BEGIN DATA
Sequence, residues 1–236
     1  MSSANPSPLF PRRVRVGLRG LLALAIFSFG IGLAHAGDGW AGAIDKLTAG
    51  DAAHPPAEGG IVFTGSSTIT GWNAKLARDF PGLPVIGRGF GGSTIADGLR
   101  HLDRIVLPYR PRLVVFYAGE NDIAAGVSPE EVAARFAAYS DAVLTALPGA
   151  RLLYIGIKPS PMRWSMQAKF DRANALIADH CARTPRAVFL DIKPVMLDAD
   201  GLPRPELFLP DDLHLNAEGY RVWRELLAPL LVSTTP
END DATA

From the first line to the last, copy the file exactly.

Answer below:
Sequence, residues 1–236
     1  MSSANPSPLF PRRVRVGLRG LLALAIFSFG IGLAHAGDGW AGAIDKLTAG
    51  DAAHPPAEGG IVFTGSSTIT GWNAKLARDF PGLPVIGRGF GGSTIADGLR
   101  HLDRIVLPYR PRLVVFYAGE NDIAAGVSPE EVAARFAAYS DAVLTALPGA
   151  RLLYIGIKPS PMRWSMQAKF DRANALIADH CARTPRAVFL DIKPVMLDAD
   201  GLPRPELFLP DDLHLNAEGY RVWRELLAPL LVSTTP